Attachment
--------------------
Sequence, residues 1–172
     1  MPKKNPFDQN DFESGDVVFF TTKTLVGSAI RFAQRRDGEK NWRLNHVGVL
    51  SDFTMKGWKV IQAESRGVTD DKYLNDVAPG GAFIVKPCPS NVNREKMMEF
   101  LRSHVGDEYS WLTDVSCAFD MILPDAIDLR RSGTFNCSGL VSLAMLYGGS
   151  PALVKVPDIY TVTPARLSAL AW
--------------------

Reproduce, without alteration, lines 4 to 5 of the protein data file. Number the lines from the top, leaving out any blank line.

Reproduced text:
   101  LRSHVGDEYS WLTDVSCAFD MILPDAIDLR RSGTFNCSGL VSLAMLYGGS
   151  PALVKVPDIY TVTPARLSAL AW